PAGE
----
He's got three mountain stages but I don't think he can put time into Bernal, and certainly won't benefit from the ITT. Bardet -- whom I like as a rider -- is like Porte in a way, in that he can follow wheels and easily top 10 a GT, but to podium he'll need to do something special. One thing in his favor this Giro is that a lot of the riders in front of him are much less experienced in GTs, or at least going for GC. So I could easily see Caruso/Ciccone/Vlasov cracking, or Yates losing even more time. Carthy I think knows how to moderate his efforts.
 
^^why oh why don't riders prepare for the weather? If Nico had cold hands, it's only because he didn't wear warm enough gloves/clothes. Anyway, it was a good day for Romain for sure

He's got three mountain stages but I don't think he can put time into Bernal, and certainly won't benefit from the ITT. Bardet -- whom I like as a rider -- is like Porte in a way, in that he can follow wheels and easily top 10 a GT, but to podium he'll need to do something special. One thing in his favor this Giro is that a lot of the riders in front of him are much less experienced in GTs, or at least going for GC. So I could easily see Caruso/Ciccone/Vlasov cracking, or Yates losing even more time. Carthy I think knows how to moderate his efforts.
  1. I guess DSM should take it up with their kit sponsor, but they can presumably only provide the team with so many pairs of gloves of different weights and styles; the ski gloves that might have been right for the Giau wouldn’t have come out on any other day. This year’s Giro does seem to be hitting extremes of weather; the Gabba jackets that were good enough for 2013 Milan San Remo in a March blizzard didn’t cut the mustard in May.
  2. I think Bardet on his good days can do a little more than Porte (he can ride down a mountain, for one), but I think even on his best days he’d find it hard to get separation from Bernal in this form. Iirc, he leveraged a good move with a teammate in the break to pick up the stage win that jumped him up to 2nd in the 2016 Tour, but it’s hard to get that lightning to strike twice. Stage 20 here looks like a similar profile; long descent, followed by a shortish summit finish. You never know.
 
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I am happy with the trend and for Barder. For some reason always had a soft spot for him (way more so than for Pinot, unlike apparently the rest of this forum). I think being born as a french GC rider is not the easiest thing to face in the world. And for some years he was really good, maybe on winning level would he have not ridden the TdF constantly. Also age-wise he shouldn't decline yet but the last years surely indicate it.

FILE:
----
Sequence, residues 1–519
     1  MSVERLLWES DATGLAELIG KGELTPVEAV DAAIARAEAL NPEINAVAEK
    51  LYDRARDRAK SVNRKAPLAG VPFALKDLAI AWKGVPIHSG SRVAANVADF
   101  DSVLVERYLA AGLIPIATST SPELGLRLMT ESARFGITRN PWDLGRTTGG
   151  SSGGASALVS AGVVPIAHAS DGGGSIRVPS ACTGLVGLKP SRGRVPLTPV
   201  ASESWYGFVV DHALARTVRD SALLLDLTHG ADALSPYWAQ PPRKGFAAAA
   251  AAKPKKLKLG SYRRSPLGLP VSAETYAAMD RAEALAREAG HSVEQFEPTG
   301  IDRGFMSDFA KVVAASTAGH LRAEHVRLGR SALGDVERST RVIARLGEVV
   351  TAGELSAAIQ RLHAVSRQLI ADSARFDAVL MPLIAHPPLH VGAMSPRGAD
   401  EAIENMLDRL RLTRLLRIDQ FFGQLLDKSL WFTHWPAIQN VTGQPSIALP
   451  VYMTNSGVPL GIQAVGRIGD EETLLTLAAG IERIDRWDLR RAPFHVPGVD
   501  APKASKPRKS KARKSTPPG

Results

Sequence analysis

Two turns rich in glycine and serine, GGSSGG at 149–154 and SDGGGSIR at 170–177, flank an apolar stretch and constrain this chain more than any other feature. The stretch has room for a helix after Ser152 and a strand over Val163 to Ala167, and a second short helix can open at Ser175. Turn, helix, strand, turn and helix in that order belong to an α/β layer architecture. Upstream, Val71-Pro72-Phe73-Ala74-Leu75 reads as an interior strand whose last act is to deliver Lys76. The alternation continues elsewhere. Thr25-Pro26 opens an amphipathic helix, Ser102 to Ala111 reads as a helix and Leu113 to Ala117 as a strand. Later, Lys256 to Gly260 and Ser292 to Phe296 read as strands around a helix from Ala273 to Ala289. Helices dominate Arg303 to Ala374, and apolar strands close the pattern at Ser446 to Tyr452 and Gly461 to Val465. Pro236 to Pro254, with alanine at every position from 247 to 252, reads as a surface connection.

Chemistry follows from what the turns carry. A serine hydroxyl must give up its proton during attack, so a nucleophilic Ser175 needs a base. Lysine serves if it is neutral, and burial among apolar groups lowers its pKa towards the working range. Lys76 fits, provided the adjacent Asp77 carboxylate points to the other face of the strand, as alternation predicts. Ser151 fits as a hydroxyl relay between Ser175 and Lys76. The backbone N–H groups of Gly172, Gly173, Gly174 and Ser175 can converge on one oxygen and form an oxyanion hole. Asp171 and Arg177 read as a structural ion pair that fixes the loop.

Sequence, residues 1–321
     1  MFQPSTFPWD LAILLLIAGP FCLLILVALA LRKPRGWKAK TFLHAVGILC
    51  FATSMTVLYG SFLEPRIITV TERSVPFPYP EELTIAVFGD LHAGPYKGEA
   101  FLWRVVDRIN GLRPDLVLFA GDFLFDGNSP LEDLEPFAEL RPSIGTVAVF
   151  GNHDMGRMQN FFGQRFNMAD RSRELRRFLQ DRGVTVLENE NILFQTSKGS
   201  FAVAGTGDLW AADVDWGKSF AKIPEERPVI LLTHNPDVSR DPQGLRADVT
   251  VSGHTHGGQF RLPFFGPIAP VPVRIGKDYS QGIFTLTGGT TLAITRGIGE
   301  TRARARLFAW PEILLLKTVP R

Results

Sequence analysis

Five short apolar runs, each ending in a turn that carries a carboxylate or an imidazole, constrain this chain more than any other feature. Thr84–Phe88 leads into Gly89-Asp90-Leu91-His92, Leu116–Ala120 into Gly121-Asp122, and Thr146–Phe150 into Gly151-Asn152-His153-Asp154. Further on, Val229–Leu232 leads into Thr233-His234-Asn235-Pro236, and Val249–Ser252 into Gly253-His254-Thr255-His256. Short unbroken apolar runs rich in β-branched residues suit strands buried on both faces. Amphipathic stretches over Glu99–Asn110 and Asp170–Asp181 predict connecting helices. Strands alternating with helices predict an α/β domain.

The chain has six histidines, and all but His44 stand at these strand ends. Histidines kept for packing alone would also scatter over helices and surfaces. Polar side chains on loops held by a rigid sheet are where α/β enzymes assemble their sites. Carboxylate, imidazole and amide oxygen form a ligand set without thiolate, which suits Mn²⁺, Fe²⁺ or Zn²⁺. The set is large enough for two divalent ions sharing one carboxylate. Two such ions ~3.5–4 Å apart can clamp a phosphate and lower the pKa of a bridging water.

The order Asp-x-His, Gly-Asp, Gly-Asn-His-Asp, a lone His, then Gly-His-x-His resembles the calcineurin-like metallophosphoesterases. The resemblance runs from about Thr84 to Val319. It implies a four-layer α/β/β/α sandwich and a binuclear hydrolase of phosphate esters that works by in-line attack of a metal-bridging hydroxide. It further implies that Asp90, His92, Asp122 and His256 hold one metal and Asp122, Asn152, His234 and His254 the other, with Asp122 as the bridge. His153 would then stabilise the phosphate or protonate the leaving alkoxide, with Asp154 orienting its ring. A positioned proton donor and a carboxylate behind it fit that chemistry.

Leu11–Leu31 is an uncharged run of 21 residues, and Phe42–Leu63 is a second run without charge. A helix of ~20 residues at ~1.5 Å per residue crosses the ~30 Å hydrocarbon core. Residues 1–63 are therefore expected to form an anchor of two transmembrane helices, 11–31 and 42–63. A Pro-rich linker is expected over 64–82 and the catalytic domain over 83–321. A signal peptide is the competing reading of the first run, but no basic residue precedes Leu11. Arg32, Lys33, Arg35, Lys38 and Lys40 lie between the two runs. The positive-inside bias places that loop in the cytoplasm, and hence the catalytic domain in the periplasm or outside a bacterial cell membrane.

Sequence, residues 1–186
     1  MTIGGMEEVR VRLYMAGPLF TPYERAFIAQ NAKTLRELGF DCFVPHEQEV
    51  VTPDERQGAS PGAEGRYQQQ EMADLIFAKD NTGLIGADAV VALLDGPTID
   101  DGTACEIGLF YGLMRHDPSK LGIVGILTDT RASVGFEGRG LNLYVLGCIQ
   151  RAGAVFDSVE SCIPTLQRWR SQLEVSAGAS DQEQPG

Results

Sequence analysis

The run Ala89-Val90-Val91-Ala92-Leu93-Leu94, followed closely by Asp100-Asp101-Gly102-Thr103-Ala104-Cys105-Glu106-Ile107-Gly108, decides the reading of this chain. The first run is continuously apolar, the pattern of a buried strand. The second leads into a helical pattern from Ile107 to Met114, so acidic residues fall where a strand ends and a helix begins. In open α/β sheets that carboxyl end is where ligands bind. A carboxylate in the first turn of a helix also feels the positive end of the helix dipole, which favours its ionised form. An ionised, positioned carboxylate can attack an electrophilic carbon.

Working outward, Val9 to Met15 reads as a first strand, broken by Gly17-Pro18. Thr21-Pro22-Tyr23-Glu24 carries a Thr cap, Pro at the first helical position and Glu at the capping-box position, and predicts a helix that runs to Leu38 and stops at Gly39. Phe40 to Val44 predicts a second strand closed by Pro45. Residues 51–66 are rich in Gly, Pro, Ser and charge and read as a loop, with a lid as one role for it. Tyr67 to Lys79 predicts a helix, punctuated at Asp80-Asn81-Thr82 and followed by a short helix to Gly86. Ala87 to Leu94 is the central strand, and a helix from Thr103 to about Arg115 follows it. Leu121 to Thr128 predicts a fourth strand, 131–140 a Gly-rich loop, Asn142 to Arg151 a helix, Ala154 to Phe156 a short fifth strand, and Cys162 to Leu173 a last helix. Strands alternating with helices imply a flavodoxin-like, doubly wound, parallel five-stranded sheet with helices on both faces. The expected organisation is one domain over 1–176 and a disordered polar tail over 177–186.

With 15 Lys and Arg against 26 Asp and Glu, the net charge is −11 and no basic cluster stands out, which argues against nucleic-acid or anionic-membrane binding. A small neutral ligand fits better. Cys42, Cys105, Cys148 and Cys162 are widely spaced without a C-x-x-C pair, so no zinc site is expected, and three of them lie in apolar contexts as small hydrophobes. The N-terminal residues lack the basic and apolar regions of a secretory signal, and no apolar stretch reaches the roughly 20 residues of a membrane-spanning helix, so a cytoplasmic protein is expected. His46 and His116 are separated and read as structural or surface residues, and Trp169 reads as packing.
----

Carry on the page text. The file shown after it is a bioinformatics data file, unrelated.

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I am happy with the trend and for Barder. For some reason always had a soft spot for him (way more so than for Pinot, unlike apparently the rest of this forum). I think being born as a french GC rider is not the easiest thing to face in the world. And for some years he was really good, maybe on winning level would he have not ridden the TdF constantly. Also age-wise he shouldn't decline yet but the last years surely indicate it.
Agree about that last part! At 30 Bardet is still just a young kid.

And I think maybe the reason I lean slightly more towards Pinot in terms of having a soft spot, is because Bardet doesn't have quite the same tendency for days where everything just falls apart.

When I pulled back the curtains this morning and saw torrential rain lashing down outside, I rolled my eyes and sighed but my room-mate, Romain Bardet, was smiling like Jack Nicholson in The Shining.
I still have a hard time wrapping my head around the idea of someone who seems as sweet as Bardet smiling like a psychopath over *** conditions.
 
  1. I guess DSM should take it up with their kit sponsor, but they can presumably only provide the team with so many pairs of gloves of different weights and styles; the ski gloves that might have been right for the Giau wouldn’t have come out on any other day. This year’s Giro does seem to be hitting extremes of weather; the Gabba jackets that were good enough for 2013 Milan San Remo in a March blizzard didn’t cut the mustard in May.
I think that nothing prevents any rider to use his own piece of kit during the race, like gloves. For instance, Dowsett wore his own (not team provided) £600 overshoes on the TT and even borrowed his second pair to de Marchi who also used it.

For yesterday's conditions, diving gloves (commonly used by cyclist) would actually be more suitable. And if you go for the Giro, having a pair of ones in your bag is a must I suppose.

Anyway, yesterday I saw many riders wearing standard fingerloss gloves (e.g. Formolo) and I was really impressed with that. :D
 
I am happy with the trend and for Barder. For some reason always had a soft spot for him (way more so than for Pinot, unlike apparently the rest of this forum). I think being born as a french GC rider is not the easiest thing to face in the world. And for some years he was really good, maybe on winning level would he have not ridden the TdF constantly. Also age-wise he shouldn't decline yet but the last years surely indicate it.
tbh I have always been on the Bardet bus (instead of Pinot), though the last years I've been a bit sad by his apparent demise.

french riders that go for the gc simply have too much pressure on their shoulders